Nova Scotia

St. FX event brings together Black students to talk about university experience

The university held its first ever Dr. Agnes Calliste Black Student Voices Circle on Thursday evening for African Heritage Month.

'Racism isn't something that Black people created,' says keynote speaker DeRico Symonds

Tara Reddick chaired St. Francis Xavier University's first Dr. Agnes Calliste Black Student Voices Circle. (Tara Reddick)

It's an especially turbulent time to be a Black student at university, says St. Francis Xavier sociology student Tara Reddick.

It's why she chaired a virtual discussion Thursday night with the intent of bringing together Black students to talk about their post-secondary experiences and the systemic and overt racism they face.

"Right now with anti-Black racism so rampant and right-wing thought and white supremacy on the forefront, we thought that we needed to create a deliberate space that brought together our Black students," she told CBC Radio's Information Morning

Reddick, the recipient of the McKenna Centre racial justice leadership grant, said with few Black professors, students often don't see themselves reflected in what's taught at university. 

Portia chats with the leaders of a virtual discussion that will convene Black students to talk about their post secondary experiences. 10:59

"It seems that Black people are the exception when they make it to university — and that there is the problem, but we know that. It's because of the Nova Scotia education system and the treatment of African Nova Scotians," she said. 

Reddick's son also attends St. FX and is in his second year. She said she's guiding him through an educational system that was not designed for him.

DeRico Symonds, a community advocate and the keynote speaker at the event on Thursday, said it wasn't that long ago that Black people could be jailed, or worse, for being educated. 

DeRico Symonds is the first director of opportunity and belonging at NSCAD University. (Brian MacKay/CBC)

"That's something you could get killed for if you were caught reading," he said. "So I think it's especially important that we raise these concerns and sort of take stock of where we are right now because this was something that was not meant for persons of colour."

As NSCAD University's first director of opportunity and belonging, he said it's time universities overhaul their curricula and provide more supports for students of colour. 

He said he wants to challenge everyone to live out the meaning of Black Lives Matter, and for Nova Scotians to see they have a collective responsibility to eliminate racism.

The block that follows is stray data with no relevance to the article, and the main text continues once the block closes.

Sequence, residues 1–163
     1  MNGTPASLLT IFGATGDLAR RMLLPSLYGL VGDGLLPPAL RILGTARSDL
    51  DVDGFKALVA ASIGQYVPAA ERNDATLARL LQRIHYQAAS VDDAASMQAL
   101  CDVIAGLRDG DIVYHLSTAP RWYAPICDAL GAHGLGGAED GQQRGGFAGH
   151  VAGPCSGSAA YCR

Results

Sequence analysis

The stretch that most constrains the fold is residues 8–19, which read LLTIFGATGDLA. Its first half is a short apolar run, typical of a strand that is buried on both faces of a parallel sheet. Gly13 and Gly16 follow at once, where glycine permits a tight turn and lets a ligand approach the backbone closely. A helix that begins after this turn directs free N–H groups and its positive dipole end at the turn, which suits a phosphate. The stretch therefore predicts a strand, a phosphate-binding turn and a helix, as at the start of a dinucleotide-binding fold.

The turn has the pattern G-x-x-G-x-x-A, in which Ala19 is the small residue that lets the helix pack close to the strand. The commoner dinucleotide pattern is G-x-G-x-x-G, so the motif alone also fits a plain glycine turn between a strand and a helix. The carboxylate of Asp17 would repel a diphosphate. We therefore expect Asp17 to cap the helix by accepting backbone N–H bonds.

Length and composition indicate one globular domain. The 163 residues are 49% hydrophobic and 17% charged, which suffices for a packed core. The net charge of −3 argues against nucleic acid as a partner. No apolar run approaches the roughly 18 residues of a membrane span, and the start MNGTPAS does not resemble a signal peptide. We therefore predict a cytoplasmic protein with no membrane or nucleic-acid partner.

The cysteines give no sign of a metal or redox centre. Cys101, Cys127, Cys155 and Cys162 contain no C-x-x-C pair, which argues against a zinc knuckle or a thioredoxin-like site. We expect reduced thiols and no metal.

"Racism is made to be a Black issue," he said. "Racism isn't something that Black people created, but yet we have to present the problem, defend the problem, because we're often not believed, and then asked to provide solutions to a problem that we didn't create."

A University of Ottawa professor's use of the N-word last month has ignited a firestorm. We hear from Black university students about what they say needs to change to help them feel supported on campus. Our guests are fourth-year University of Guelph student Laila El Mugammar; first-year Mount Saint Vincent University student Priscillia Olawunmi; and University of Ottawa student Jamal Koulmiye-Boyce. 20:46

In honour of Prof. Agnes Calliste

The student discussion on Thursday, which was livestreamed on Facebook, comes about two weeks before the university's annual Dr. Agnes Calliste African Heritage Lecture Series, which will happen on Feb. 24.

It honours Calliste, a sociology professor at St. FX who researched the treatment of Black railroad porters and nurses. Reddick, who knew Calliste, said she was also a pioneering community activist and an inspiration to all students of African descent.

"She also served as a Black student adviser at one point at St. FX so she was all for bringing Black students together to have opportunity, to be treated fairly," she said.

For more stories about the experiences of Black Canadians — from anti-Black racism to success stories within the Black community — check out Being Black in Canada, a CBC project Black Canadians can be proud of. You can read more stories here.


With files from CBC Radio's Information Morning Halifax and Sydney